"Gavin Sinclair" <gsinclair / soyabean.com.au> schrieb im Newsbeitrag
news:421724876381.20040201225914 / soyabean.com.au...
> On Sunday, February 1, 2004, 10:19:53 PM, Robert wrote:
>
>
> >> The problem is that when you use 'class M::C' to open a class, you
> >> can't access constants declared in M, whereas if you use 'module M;
> >> class C', you can.
> >>
> >> 1) Why is this?
>
> > Because when doing "class M::C" you're still in another scope while
defining
> > class C.  So you have to explicitely scope constants from module M. (see
> > below)
>
> "Another scope"?  Sounds convincing, but I don't know what it means.
> 'self' is the same object in the following two examples:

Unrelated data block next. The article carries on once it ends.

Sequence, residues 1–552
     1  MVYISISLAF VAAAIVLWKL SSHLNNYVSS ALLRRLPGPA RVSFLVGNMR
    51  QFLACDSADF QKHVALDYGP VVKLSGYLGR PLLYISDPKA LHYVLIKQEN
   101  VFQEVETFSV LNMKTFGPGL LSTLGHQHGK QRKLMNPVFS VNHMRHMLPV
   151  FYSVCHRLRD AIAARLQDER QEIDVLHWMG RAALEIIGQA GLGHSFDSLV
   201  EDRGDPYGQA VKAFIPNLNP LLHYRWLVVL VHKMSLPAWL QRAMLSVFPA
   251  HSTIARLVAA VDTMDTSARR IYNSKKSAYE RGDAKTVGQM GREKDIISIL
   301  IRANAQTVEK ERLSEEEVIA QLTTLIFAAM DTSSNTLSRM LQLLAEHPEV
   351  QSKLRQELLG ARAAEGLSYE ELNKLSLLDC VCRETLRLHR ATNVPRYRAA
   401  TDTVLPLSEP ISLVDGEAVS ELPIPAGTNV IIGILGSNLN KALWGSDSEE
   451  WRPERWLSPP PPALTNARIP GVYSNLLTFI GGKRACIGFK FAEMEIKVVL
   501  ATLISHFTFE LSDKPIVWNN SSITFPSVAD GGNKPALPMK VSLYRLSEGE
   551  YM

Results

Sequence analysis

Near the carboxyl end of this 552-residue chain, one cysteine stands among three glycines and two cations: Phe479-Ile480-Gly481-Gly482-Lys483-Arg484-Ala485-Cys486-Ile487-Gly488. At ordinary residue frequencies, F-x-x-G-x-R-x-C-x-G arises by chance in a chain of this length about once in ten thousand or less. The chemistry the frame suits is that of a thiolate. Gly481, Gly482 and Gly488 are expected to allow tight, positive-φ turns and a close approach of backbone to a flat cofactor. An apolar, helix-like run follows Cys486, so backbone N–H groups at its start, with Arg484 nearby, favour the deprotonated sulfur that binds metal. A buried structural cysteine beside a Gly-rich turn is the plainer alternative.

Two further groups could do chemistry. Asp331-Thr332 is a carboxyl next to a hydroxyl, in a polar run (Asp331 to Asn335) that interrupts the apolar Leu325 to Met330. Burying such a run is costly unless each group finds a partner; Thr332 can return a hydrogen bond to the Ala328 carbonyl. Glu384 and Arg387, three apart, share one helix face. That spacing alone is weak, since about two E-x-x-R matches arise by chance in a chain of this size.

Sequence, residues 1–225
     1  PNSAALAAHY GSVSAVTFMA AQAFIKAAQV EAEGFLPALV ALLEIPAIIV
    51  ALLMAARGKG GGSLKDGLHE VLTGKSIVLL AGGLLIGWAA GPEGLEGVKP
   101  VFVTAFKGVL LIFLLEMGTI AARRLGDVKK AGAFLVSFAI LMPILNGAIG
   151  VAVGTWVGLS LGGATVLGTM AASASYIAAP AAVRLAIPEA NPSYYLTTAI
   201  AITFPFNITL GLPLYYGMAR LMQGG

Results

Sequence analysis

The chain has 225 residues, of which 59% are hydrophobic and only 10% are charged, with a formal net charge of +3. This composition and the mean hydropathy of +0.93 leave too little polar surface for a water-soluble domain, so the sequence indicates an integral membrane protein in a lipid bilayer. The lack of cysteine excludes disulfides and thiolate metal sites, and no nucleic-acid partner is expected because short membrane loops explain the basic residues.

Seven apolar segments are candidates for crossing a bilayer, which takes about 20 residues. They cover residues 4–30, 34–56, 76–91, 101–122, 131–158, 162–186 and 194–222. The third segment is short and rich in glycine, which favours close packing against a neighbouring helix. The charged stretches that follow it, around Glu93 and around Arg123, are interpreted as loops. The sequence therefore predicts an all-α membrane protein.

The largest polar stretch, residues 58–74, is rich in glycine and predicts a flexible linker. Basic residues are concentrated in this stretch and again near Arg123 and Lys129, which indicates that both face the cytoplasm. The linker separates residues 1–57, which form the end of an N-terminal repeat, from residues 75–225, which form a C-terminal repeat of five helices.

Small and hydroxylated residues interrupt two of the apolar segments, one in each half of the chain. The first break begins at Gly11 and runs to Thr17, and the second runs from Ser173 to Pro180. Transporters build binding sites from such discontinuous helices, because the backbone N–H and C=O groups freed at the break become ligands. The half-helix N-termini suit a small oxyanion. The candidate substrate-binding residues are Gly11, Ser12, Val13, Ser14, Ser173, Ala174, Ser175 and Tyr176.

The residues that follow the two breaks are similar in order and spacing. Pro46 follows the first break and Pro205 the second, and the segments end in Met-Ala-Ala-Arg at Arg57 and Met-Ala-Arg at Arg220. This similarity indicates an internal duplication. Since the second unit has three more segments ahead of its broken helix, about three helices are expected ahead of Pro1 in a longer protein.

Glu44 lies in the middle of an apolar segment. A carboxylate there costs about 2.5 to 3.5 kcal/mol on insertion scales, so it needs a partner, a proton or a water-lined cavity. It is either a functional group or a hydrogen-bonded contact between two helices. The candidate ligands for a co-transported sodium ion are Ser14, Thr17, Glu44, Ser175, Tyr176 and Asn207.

>
>   module M
>     class C
>       p self.id
>     end
>   end
>
>   class M::C
>     p self.id
>   end

It's the other self, the one that is used for the const lookup I guess:

module M
  p self.id

  class C; end
end

p self.id
class M::C;end


> >> 2) Is is an intentional behaviour of Ruby?
>
> > I think so.
>
> Can it be justified in terms of correctness, language design
> principles, POLS, convenience, expedience, or anything else?
>
> To my mind, the way things work (scope-wise) should depend on the
> value of 'self' and little if not nothing else.

see above.  Just my 0.02 EUR

    robert